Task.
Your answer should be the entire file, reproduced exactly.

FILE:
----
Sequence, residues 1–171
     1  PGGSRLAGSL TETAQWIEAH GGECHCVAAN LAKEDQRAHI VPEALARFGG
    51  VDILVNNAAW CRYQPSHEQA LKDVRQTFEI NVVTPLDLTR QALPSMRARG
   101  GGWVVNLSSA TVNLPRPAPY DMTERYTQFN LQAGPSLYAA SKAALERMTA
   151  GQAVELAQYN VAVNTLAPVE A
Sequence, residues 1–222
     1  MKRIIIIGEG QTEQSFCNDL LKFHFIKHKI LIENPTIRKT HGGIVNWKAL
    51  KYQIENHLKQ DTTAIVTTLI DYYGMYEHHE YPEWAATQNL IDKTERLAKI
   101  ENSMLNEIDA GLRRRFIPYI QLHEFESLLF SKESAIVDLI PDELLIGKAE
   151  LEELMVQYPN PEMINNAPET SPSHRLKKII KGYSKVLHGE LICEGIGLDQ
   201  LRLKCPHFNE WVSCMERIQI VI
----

Sequence, residues 1–171
     1  PGGSRLAGSL TETAQWIEAH GGECHCVAAN LAKEDQRAHI VPEALARFGG
    51  VDILVNNAAW CRYQPSHEQA LKDVRQTFEI NVVTPLDLTR QALPSMRARG
   101  GGWVVNLSSA TVNLPRPAPY DMTERYTQFN LQAGPSLYAA SKAALERMTA
   151  GQAVELAQYN VAVNTLAPVE A
Sequence, residues 1–222
     1  MKRIIIIGEG QTEQSFCNDL LKFHFIKHKI LIENPTIRKT HGGIVNWKAL
    51  KYQIENHLKQ DTTAIVTTLI DYYGMYEHHE YPEWAATQNL IDKTERLAKI
   101  ENSMLNEIDA GLRRRFIPYI QLHEFESLLF SKESAIVDLI PDELLIGKAE
   151  LEELMVQYPN PEMINNAPET SPSHRLKKII KGYSKVLHGE LICEGIGLDQ
   201  LRLKCPHFNE WVSCMERIQI VI